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Relations between hemispheric asymmetries of grey matter and auditory processing of spoken syllables in 281 healthy adults

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Guadalupe,  Tulio
Language and Genetics Department, MPI for Psycholinguistics, Max Planck Society;

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Kong,  Xiangzhen
Language and Genetics Department, MPI for Psycholinguistics, Max Planck Society;
Zhejiang University ;

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Fisher,  Simon E.
Language and Genetics Department, MPI for Psycholinguistics, Max Planck Society;
Donders Institute for Brain, Cognition and Behaviour, External Organizations;

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Francks,  Clyde
Language and Genetics Department, MPI for Psycholinguistics, Max Planck Society;
Donders Institute for Brain, Cognition and Behaviour, External Organizations;
Imaging Genomics, MPI for Psycholinguistics, Max Planck Society;

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Citation

Guadalupe, T., Kong, X., Akkermans, S. E. A., Fisher, S. E., & Francks, C. (2021). Relations between hemispheric asymmetries of grey matter and auditory processing of spoken syllables in 281 healthy adults. Brain Structure & Function. Advance online publication. doi:10.1007/s00429-021-02220-z.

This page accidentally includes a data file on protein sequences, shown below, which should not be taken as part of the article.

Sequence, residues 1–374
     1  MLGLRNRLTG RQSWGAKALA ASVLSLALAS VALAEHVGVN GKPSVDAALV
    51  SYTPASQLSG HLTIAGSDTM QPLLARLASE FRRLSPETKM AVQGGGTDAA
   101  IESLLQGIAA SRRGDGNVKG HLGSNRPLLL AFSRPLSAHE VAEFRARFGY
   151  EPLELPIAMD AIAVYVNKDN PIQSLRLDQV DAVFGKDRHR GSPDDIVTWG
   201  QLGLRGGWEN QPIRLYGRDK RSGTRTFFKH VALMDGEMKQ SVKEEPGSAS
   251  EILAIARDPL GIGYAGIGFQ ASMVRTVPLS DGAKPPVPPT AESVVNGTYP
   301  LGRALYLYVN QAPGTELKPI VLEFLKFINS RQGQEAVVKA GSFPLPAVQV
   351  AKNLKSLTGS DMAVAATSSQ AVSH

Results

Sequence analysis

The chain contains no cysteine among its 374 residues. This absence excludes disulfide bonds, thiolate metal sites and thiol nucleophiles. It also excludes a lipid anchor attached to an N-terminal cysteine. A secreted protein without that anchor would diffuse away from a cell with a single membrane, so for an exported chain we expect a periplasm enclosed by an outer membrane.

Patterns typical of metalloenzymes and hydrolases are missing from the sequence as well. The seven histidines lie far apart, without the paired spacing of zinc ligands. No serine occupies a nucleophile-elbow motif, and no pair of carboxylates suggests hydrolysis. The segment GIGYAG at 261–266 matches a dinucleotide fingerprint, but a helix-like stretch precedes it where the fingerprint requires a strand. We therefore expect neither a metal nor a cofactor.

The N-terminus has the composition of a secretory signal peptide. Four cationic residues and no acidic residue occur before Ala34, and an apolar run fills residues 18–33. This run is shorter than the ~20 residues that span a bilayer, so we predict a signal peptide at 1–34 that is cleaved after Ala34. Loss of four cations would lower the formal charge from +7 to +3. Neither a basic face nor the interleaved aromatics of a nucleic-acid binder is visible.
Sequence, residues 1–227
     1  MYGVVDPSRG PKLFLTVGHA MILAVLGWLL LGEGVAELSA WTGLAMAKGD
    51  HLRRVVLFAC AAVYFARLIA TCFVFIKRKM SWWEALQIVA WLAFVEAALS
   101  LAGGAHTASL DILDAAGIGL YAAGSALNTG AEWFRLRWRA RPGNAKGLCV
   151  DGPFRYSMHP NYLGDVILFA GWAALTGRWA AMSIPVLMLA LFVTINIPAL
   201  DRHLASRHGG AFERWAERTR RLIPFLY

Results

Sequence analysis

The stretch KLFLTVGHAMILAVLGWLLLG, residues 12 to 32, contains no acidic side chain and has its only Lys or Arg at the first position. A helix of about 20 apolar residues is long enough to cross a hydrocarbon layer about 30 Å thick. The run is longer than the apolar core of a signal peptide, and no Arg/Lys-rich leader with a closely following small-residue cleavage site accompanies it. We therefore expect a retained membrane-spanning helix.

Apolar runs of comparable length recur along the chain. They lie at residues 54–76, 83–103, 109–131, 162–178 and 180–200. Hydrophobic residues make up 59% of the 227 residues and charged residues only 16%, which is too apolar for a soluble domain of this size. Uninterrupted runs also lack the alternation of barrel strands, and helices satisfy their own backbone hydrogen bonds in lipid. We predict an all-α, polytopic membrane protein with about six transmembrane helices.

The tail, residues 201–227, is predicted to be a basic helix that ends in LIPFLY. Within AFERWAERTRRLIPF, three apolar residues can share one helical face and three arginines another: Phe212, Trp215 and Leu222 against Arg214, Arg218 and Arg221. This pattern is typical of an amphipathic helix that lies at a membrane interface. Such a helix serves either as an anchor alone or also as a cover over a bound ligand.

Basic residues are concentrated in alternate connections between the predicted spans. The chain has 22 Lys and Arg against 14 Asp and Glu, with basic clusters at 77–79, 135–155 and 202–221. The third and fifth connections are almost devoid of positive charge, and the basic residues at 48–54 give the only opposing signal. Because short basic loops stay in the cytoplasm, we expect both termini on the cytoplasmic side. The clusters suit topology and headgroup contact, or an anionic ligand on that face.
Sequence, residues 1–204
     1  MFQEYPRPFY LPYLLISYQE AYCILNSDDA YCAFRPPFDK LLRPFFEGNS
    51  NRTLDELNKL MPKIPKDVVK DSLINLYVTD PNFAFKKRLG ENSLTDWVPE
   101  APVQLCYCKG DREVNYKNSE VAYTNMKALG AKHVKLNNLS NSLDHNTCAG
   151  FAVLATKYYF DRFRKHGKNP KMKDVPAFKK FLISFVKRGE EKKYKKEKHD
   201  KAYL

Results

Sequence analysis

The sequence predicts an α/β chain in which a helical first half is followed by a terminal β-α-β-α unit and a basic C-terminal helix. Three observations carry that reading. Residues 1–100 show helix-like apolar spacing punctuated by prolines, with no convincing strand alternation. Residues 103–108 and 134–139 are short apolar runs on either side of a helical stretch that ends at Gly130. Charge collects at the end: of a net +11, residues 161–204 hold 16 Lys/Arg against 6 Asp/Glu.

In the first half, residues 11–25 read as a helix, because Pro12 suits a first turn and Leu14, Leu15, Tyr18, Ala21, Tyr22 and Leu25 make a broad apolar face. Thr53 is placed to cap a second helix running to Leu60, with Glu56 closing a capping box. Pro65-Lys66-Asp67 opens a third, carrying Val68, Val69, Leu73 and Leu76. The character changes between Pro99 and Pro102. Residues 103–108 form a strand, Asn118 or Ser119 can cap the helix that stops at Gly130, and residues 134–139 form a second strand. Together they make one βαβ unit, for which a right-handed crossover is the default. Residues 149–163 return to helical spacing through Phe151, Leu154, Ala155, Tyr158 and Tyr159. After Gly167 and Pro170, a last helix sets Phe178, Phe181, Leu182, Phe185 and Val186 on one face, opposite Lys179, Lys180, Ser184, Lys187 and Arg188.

Cite as: http://hdl.handle.net/21.11116/0000-0006-D9A2-E
Abstract
Most people have a right-ear advantage for the perception of spoken syllables, consistent with left hemisphere dominance for speech processing. However, there is considerable variation, with some people showing left-ear advantage. The extent to which this variation is reflected in brain structure remains unclear. We tested for relations between hemispheric asymmetries of auditory processing and of grey matter in 281 adults, using dichotic listening and voxel-based morphometry. This was the largest study of this issue to date. Per-voxel asymmetry indexes were derived for each participant following registration of brain magnetic resonance images to a template that was symmetrized. The asymmetry index derived from dichotic listening was related to grey matter asymmetry in clusters of voxels corresponding to the amygdala and cerebellum lobule VI. There was also a smaller, non-significant cluster in the posterior superior temporal gyrus, a region of auditory cortex. These findings contribute to the mapping of asymmetrical structure–function links in the human brain and suggest that subcortical structures should be investigated in relation to hemispheric dominance for speech processing, in addition to auditory cortex.